“A woman riding a bicycle - What a scandal! What next? ”

We could easily hear such a phrase if we were living at the end of the 19th century. The bicycle was booming as a means of transport, but there was a debate about whether women should be able to use this fashion.

However, some were clear that they were not going to be any less. This was the case of Frances Willard, an American suffragist who, at the age of 53, did not hesitate to learn to ride a bicycle. Such was the sense of freedom she experienced that in 1895 she published a book in which she expressed her disobedience to social convictions.

Another suffragist from the same time, Susan B. Anthony, believed that "[the bicycle] has done more to emancipate women than anything else in the world". From the US to the UK, a small act such as riding a bicycle became an instrument to challenge the sexist barriers of the time and pursue greater changes.

Frances E. Willard
Cover of a reprint of A wheel within a wheel¸ the book in which Frances Willard recounted her quest for freedom as a woman through cycling.
Source: United States Library of Congress.

Understanding the link between mobility and gender is a first step

The simple defiance of Willard and many other contemporaries was a significant act because it reclaimed women's ability to have equal access to a means of transport popular at the time and, by extension, positioned mobility as a space for feminist demands. This is the view of Susan Hanson, who opens her dissertation in one of the most cited academic works on sustainable mobility with Willard's example. Inspired by the suffragette's impetus, Hanson argues that gender and mobility are issues that subtly and profoundly influence each other, so a proper understanding of this relationship is necessary to address complex social problems. Therefore, Hanson argues, the quest for sustainable mobility would not make sense without this perspective. Thus, as a policy note of the CIVITAS network concludes, women's mobility is closely linked to women's empowerment, equal opportunities and independence.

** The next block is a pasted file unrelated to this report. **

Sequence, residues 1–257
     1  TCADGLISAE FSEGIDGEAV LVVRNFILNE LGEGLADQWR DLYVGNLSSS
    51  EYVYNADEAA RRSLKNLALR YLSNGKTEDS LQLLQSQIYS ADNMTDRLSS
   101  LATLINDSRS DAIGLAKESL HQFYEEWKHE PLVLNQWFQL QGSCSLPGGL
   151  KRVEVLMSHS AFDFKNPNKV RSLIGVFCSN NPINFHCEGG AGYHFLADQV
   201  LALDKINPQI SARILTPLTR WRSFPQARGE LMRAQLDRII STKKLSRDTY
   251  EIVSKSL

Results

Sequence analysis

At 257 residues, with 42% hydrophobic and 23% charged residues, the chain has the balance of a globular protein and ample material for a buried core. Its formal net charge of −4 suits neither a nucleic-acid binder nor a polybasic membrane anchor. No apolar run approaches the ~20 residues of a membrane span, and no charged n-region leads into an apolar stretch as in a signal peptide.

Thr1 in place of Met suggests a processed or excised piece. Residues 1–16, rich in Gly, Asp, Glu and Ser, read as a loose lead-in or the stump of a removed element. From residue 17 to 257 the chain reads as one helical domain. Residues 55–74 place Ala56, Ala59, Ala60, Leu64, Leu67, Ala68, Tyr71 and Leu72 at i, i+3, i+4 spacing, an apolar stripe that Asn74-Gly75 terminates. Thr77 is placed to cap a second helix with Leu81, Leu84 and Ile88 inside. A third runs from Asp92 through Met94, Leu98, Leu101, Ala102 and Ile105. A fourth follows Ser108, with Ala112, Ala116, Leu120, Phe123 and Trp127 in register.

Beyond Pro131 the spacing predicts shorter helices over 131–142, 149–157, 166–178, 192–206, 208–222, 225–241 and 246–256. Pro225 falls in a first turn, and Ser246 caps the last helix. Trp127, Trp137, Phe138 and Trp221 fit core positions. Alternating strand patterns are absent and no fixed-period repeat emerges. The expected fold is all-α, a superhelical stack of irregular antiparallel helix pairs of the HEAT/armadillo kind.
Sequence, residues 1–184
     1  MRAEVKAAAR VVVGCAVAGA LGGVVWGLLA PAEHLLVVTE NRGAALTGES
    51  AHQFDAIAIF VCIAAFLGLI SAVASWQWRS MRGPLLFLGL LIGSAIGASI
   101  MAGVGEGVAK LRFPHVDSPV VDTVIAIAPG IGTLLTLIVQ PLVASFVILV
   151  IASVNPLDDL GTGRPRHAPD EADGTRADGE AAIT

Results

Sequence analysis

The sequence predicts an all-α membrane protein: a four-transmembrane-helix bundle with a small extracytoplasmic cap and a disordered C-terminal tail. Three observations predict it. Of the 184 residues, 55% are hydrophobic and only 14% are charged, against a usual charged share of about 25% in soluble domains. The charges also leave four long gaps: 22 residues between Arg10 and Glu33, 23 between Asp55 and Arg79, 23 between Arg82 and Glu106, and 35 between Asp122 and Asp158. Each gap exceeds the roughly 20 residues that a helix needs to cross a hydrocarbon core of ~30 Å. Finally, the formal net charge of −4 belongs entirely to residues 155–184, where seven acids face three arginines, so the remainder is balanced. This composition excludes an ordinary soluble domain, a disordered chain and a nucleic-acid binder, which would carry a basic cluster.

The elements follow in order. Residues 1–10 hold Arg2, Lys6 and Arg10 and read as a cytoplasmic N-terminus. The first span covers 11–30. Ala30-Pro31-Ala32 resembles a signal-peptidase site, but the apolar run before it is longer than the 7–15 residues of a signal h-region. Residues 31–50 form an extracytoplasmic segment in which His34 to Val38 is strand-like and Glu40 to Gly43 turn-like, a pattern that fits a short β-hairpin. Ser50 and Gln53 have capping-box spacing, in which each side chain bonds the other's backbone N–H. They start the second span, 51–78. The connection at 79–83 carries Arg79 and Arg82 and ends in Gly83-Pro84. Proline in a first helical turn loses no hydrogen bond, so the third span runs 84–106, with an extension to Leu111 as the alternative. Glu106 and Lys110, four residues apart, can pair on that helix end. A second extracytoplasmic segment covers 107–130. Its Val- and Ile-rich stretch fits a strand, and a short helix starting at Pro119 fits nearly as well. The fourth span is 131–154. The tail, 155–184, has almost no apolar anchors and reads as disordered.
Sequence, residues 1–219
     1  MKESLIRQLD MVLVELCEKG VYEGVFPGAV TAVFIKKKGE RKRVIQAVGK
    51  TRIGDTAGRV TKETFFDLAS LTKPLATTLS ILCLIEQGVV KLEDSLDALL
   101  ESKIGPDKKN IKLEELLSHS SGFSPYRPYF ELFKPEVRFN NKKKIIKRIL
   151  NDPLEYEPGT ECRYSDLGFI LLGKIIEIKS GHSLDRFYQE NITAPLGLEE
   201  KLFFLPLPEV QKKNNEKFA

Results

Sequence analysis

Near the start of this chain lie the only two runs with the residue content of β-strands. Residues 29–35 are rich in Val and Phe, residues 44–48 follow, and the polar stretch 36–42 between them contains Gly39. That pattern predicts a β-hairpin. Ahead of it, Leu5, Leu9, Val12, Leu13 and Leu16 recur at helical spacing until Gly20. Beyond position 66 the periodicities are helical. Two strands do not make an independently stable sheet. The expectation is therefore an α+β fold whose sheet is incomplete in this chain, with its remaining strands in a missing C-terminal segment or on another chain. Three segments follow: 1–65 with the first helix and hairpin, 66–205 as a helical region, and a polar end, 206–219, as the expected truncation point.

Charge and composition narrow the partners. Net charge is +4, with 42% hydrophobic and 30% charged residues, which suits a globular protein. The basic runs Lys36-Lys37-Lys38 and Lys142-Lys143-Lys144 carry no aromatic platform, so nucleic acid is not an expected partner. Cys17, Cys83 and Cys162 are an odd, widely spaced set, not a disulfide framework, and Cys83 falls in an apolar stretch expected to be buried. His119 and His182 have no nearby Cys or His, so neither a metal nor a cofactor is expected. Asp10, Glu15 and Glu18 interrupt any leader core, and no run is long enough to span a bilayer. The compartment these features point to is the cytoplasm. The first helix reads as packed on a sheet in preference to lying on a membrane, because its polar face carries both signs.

The study and understanding of this link is the first of the five principles proposed by the Women Mobilize Women network, promoted by TUMI and the German government to address the issue of women in transport (next poster). There are initiatives that demonstrate how gender can be mainstreamed and respond to the other principles, such as the case of night buses with flexible stops in Bilbao and other cities (principles 2 and 3), the Nocturnes project on the risks of night workers in Barcelona (principles 1 and 3) or a European Commission’s platform to promote the presence of women in the transport sector (principle 4). Moreover, the fifth principle of raising awareness about this issue, to which this post aims to contribute.

5 Principles for Women and transport
Various actions around 5 main principles in relation to women and transport. The poster with better resolution is available here.

Let's try to see it with an example

Some clues can be found in the film Hidden Figures (Theodore Melfi, 2016), which vindicates the role of Katherine Johnson and her colleagues in some of NASA's most important milestones. Johnson's calculations were decisive in getting the first American into space. But her talent and effort were not enough. Her recognition as a woman was blatantly secondary, unable to sign the reports even though she had done the main work herself. In addition, her status as an African-American in the early 1960s severely compounded her disadvantages as a worker. Among these circumstances, the film includes Johnson's difficulty in finding a bathroom for herself.